Photo by: Harvey Nash.


Investing Clubs – San Diego Investment Club
11 Apr 2014

Investing Clubs – San Diego Investment Club

After attending numerous investing groups along the West Coast, Reggie Lal knew he could provide better information for real estate investors. He now runs the San Diego Investment Club and is committed to educating others in the industry.

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Real estate club: San Diego Investment Club
Club location: San Diego, CA
Years club has existed: 3
Number of members: We have 2,000 members on our online community and about 100-250 normally attend each meeting

Why did you decide to start a real estate investing group?
After I moved to San Diego, I started attending other clubs in my area because I thought it would be a good way to network with like-minded investors.

However, as I started going to these other meetings, I thought I could do a better job.

I love to teach, which was my primary motivation for starting this group, and felt a lot of the meetings I was attending lacked some of the key elements for educating others. I have been teaching and doing seminars for 10 years, but had never done it on a monthly basis. Having previously run a successful club in Sacramento, I decided to take the techniques I used to run that club and use it to structure my monthly meetings.

How did you attract your first members?
We do a lot of internet and social media marketing and focus on a presence on Meetup. We also cross-market at other clubs where we will go hand out flyers and announce the time and topic of our next meeting and return the favor by allowing them come to our club to promote their meetings as long as it’s for good educational purposes.

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We also leverage other people’s lists who have a good reputation in the real estate industry by inviting them to come and speak at our meetings to attract some of their followers.

What goals did you put in place when you started the group?
We wanted to keep the meetings pure and only provide information for educational purposes. We knew we had awesome content and to prove that, we only charged $14 which was unheard of in comparison to other clubs in the area.

The purpose of the club wasn’t to make money, it was to teach people and help.

How do you fund events that you host?
Having been a real estate investor for over 15 years, I initially funded the events 100% out of my own pocket. I believed in education so much and the team I put together that I knew it would be successful.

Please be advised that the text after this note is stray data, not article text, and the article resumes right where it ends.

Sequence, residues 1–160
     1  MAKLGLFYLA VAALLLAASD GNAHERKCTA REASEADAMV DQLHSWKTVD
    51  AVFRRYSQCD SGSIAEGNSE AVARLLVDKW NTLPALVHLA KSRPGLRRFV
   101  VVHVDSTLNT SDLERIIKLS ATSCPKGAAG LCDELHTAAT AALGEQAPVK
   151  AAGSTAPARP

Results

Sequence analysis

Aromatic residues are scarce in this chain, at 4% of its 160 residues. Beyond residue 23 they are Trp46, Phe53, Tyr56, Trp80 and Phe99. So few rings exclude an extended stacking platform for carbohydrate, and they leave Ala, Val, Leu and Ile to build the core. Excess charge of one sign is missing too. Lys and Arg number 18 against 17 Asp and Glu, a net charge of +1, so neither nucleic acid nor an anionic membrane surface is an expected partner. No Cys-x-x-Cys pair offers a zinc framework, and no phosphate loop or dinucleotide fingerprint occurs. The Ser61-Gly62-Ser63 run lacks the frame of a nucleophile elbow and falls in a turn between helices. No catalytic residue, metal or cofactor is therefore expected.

After the second year as we grew and became more well-known, we started to allow sponsorships on an annual basis.

What advice would you give to those looking to start their own real estate group?
1. You need to realize that it takes a lot of commitment and a lot of behind-the-scenes work. Don’t underestimate how much time, energy and effort you’re going to put into getting started.

2. Put a good team together.

You can’t do it by yourself.

There’s too many aspects to putting together a good program to do it on your own.

3. Think long-term. It breaks my heart when I go to other events and I ask, “Who is your speaker next month?,” and they don’t know or don’t have one booked yet. Think ahead. We normally are booked about 5-6 months in advance. Plan and treat it like a business, it takes more time than you think.

4. Have great content and leadership. Have a product so good with such a value that people talk about it and can’t afford to not go.

Photo by: SupportBiz.


Investing Clubs – New York Investing Meetup
12 Mar 2014

Investing Clubs – New York Investing Meetup

Any successful real estate investor will tell you that to in order to succeed in investing, you will need a team of experts you can trust. Investing groups are a great way to meet like-minded people to share your investing challenges and build your network. Here’s a few we profiled that we think you should get yourself along to or perhaps inspiration on how you can start your own real estate investing group.

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The New York Investing Meetup is the largest investing Meetup in the world. Run by Daryl Montgomery, the group provides educational information on a wide range of investing topics, including real estate.